The Vancouver Canucks Have Been Lucky

Updated: January 11, 2018 at 3:24 am by Josh W
Courtesy: @VanCanucks

Luck plays a massive role in determining the outcome of National Hockey League games, mostly due to the parity, introduced by the salary cap, and because of the relatively low number of events per game.

When we talk about luck within the analytics circles it is often assumed we are referring to PDO. This is
normally true, but PDO does not capture all portions of results that are outside of players’ control.  So far the Canucks have a fairly normal PDO
but they still have been receiving the benefits of luck other teams have not.

Read past
the jump if you’re feeling lucky.

Rob Vollman
wrote about luck in his
2013 Hockey Abstract. 
He has a really nifty tool on his website, the “
Hockey Abstract Luck Chart,” which shows how lucky teams have been over varying attributes.  These includes: PDO, the summary of shooting
and save percentages which regress to the mean; special-teams index, a “PDO” for
your power-play and penalty kill; teams’ success in 1-goal and over-time games; and a
teams’ CHIP, or Cap Hit of Injured Players.

are a form of luck.  Every team should expect to experience some form of injuries within their roster throughout
the season.  Teams who experience a large
number of injuries, from a number of players, especially those major injuries to the top end
players are considered “unlucky” while the opposite holds as well.

@LW3H keeps track of all teams’ CHIP numbers and
updates them throughout the year.  His
most recent report of all teams through the first 20
games was just released today.  The idea behind
CHIP is that typically teams pay the better players a higher salary compared to
replacement level players.  Comparatively
a team losing a first-line player (like a Dan Hamhuis) is more likely to be severely impacted than if they’ve lost a
fourth-line player (like Tom Sestito).  CHIP adds up all the
salaries-per-game for all of the injured players on a team, the higher your
CHIP the more injuries to better players and the harder it becomes for the team
to win.

So how have
the Canucks fared so far?

CHIP graph (20)

right, the Canucks are right at the bottom of the league in terms of injuries.  All of the numbers can be broken down further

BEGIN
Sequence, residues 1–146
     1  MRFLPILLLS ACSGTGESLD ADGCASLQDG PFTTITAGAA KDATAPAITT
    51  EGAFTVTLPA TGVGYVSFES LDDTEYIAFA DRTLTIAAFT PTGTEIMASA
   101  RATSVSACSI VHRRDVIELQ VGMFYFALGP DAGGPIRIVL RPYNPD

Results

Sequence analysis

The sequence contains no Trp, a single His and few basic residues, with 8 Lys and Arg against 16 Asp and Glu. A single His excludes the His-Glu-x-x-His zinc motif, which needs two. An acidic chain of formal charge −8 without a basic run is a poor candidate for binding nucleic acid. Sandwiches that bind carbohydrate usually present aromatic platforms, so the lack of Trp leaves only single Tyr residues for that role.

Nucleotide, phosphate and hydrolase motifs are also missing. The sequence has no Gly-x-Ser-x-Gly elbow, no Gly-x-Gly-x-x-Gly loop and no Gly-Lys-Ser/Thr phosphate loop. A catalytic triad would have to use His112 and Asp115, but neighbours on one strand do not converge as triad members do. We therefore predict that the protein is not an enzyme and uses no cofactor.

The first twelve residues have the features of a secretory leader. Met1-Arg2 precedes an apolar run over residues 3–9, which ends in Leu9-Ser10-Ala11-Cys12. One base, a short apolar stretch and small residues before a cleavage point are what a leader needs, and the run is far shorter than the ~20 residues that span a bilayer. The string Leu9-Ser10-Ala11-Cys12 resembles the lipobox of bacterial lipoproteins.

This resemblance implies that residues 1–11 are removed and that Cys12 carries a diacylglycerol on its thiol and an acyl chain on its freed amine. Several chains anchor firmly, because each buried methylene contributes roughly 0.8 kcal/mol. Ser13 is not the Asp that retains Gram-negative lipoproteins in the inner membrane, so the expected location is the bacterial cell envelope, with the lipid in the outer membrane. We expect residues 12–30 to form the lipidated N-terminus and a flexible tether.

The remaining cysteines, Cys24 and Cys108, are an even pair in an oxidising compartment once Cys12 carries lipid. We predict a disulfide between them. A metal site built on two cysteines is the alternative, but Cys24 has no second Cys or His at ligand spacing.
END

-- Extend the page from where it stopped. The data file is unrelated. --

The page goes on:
here.  In
simple English, relative to the rest of the league, the Vancouver Canucks have
had almost no injuries to key players which likely has played a role in the Canucks currently sitting at near the top of the Western Conference. 
The “worst” injury the Canucks have had to deal with so far is the loss
of Radim Vrbata for a few games.

Now this is
not to downplay the success of the Canucks, because they have played better
than expected; rather, the teams the Canucks are competing against have not
had the benefit of equal luck.  Within the Pacific
Division the real race for playoff positions are against: Los Angeles, San Jose
and Anaheim.  By Score-Adjusted
these teams
are all better than the Canucks.  When
looking at their PDOs two of these teams have been unluckier, and when we compare their CHIP to the Canucks they have all fared worse off.

We can use
a simple Monte Carlo simulation to try and predict the rest of the season and there’s
no surprise that all three of these teams are likely to vault over the Canucks
over the next 60 or so games.  In the end
the most likely standings within the Pacific Division, based on the teams as
they are right now, are: Anaheim, San Jose, Vancouver, Los Angeles, Calgary,
Arizona and Edmonton.


As the
current CHIP report is only through the first twenty games it does not yet
capture the effect on the Canucks of having lost Hamhuis.  I imagine by the next CHIP report the Canucks
will fall in the rankings closer to the middle of the group, but it’s unlikely the Canucks will see the
injuries that the Columbus Blue Jackets have faced.

Luck matters in hockey. Using data like PDO we can forecast the
direction a team is likely moving in as regression has enough time to take hold.  Injuries are another form of
luck, but it’s nearly impossible to predict how many times
the injury-bug will strike, and for how long players will be out.  There is work within academia and other major sports, such as soccer, that uses biometrics to try and predict when over-usage injuries are likely to occur.  Finding ways to forecast these will greatly give teams another competitive advantage.

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